My 5 Favourite Film Scores

Wednesday 13 August 2014 by

First of all, let me put your fears to rest. You aren’t going to find any ‘My Heart Will Go On’ or ‘Wind Beneath My Wings’ here. Although we all have those somewhere in our music collection (yes, even you) these aren’t the songs I’m talking about.

A film score is original music written specifically to accompany a film. Think the ‘Jaws’ theme. A lot of the time the score uses orchestral music which may contain dialogue or sound effects, which are then timed to begin and end at specific points in the film to greatly enhance the dramatic and emotional impact of a particular scene. I swear I didn’t just Google that.

To me a films score is almost as important as the film itself. When I went to see ‘Gravity’ (see review here) I actually managed to download the soundtrack before the end credits had even finished. The music was so powerful and fitted each scene so perfectly I couldn’t wait to go home and be immersed in it all over again. Being a piece of music that is written to enhance emotion I always find comfort and even inspiration in film scores. I can personalise their meaning and relate them to my own feelings and emotions.

Below are 5 of my favourite film scores. Listen to them, immerse yourself in them and see where they take you.

Gravity – ‘Gravity’

Steven Price

Gravity, Film, Steven Price

Not only is this one of the best films scores I have ever heard, this particular piece of music ‘Gravity’ complemented the final scene of this movie beautifully. Powerful and dramatic, it enhanced the final few moments of our characters journey and expertly expressed the emotions of the scene. Rightly so Steven Price won an Oscar for his work. I still get goosebumps every time I hear this.

Thelma & Louise – ‘Thunderbird’

Hans Zimmer

Thelma & Louise, Film, Hans Zimmer

Hans Zimmer has created some of the most iconic and recognisable films scores in history, but this simple piece of music has always been my favourite. Everyone knows how ‘Thelma & Louise’ ends, the frozen in time moment of the car as it heads off over the edge of the grand canyon, carrying with it our 2 main characters. The music that accompanied the scene wasn’t overbearing and didn’t take control. Hans created a simple yet effective score that complimented the scene and paid homage to our characters journey throughout the film. The prefect example of ‘less is more’. Stunning.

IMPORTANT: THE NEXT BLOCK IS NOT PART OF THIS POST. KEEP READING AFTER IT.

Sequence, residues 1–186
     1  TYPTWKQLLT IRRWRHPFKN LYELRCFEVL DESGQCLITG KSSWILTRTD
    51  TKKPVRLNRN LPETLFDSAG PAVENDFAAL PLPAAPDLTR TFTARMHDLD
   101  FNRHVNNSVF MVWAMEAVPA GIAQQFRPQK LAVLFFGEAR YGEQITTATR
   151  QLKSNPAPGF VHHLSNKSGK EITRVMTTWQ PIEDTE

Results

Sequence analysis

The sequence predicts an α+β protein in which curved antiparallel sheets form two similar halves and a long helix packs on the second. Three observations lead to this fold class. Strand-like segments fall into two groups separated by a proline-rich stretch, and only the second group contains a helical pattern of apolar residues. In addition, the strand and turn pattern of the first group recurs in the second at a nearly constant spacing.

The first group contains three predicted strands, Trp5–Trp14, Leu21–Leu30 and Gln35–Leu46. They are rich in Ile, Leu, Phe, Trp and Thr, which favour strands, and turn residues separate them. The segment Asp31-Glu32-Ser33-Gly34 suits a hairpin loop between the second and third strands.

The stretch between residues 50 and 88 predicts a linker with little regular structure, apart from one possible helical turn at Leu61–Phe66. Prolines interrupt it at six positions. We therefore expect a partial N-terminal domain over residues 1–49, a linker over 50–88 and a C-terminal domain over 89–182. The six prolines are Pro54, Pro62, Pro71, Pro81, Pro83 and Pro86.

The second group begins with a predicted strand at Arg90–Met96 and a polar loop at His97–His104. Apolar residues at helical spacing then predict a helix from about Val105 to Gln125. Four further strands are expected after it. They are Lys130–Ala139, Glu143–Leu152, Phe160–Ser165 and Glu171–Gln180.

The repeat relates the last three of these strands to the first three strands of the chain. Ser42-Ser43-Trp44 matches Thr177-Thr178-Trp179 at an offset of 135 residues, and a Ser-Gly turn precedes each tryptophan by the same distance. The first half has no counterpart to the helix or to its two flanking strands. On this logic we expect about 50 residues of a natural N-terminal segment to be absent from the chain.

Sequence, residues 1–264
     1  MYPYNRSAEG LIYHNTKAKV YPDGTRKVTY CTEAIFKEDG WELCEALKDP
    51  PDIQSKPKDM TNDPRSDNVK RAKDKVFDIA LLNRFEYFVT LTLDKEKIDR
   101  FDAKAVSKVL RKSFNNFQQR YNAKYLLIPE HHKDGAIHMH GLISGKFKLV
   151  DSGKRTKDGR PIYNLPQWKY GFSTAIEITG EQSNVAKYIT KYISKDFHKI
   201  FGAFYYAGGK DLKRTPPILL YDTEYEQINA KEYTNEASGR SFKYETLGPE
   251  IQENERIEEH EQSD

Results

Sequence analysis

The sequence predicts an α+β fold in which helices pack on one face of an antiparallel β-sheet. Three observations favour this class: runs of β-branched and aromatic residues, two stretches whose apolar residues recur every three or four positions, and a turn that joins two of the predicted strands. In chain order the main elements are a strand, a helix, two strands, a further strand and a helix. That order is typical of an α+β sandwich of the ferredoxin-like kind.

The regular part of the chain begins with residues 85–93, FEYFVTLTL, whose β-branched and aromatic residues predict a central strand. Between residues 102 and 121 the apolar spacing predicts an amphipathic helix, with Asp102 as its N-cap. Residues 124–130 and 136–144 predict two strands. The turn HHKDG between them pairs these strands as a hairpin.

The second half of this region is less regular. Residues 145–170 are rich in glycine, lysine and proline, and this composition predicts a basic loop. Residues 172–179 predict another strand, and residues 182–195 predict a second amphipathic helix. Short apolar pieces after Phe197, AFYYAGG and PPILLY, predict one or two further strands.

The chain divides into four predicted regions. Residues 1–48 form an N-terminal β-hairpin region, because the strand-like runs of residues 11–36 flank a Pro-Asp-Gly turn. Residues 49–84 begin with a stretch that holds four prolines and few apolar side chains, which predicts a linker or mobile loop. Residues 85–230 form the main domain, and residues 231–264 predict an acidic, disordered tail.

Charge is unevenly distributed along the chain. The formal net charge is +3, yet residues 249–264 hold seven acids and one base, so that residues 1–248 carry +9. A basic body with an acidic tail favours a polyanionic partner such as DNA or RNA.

Titanic – ‘Unable To Stay, Unwilling To Leave’

James Horner

Titanic, Film, James Horner

With the hype around Celine Dion’s ‘My Heart Will Go On’ I’ve always felt that James Horner’s work on ‘Titanic’ was, and is still, underrated. With such a vast array of emotions to portray throughout the film, James managed to create a score that blended seamlessly together and gave much of the film its dramatic tension and enhanced emotion. This piece of music (although I could easily choose 3 or 4 more) demonstrates the relationship between Jack and Rose perfectly, even going as far as justifying Rose’s decision to jump back aboard the sinking ship. Beautiful.

Into The Wild – ‘Chris Dying’

Michael Brook

Into the Wild, Film, Eddie Vedder, Michael Brook

One of my all-time favourite films, its score is separated into 2 parts – the original score by Michael Brook, and the soundtrack written by Eddie Vedder. Based on a true, humbling story, with a dynamite performance by Emile Hirsch and directed by Sean Penn this film is not to be missed. This piece of music brings us to the films devastating conclusion. It actually has the effect of drawing you into the scene and at just over 2 minutes long, packs an emotional punch that makes the already distressing scene even more unbearable.

W.E. – ‘Dance For Me Wallis’

Abel Korzeniowski

W.E., Film, Abel Korzeniowski

Yes, the Madonna film. If you haven’t seen it, give it a chance. I thought it was beautifully directed, slightly lost in translation but overall a well-executed film on a great subject. The score was also magnificently created by Abel Korzeniowski, who seamlessly transported the audience back to 1930s London and showcased a score that explored the relationship of King Edward and Wallis Simpson. With so many elements to this piece of music, you’ll find it hard not to lose yourself in its emotion.

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@Gordy__W

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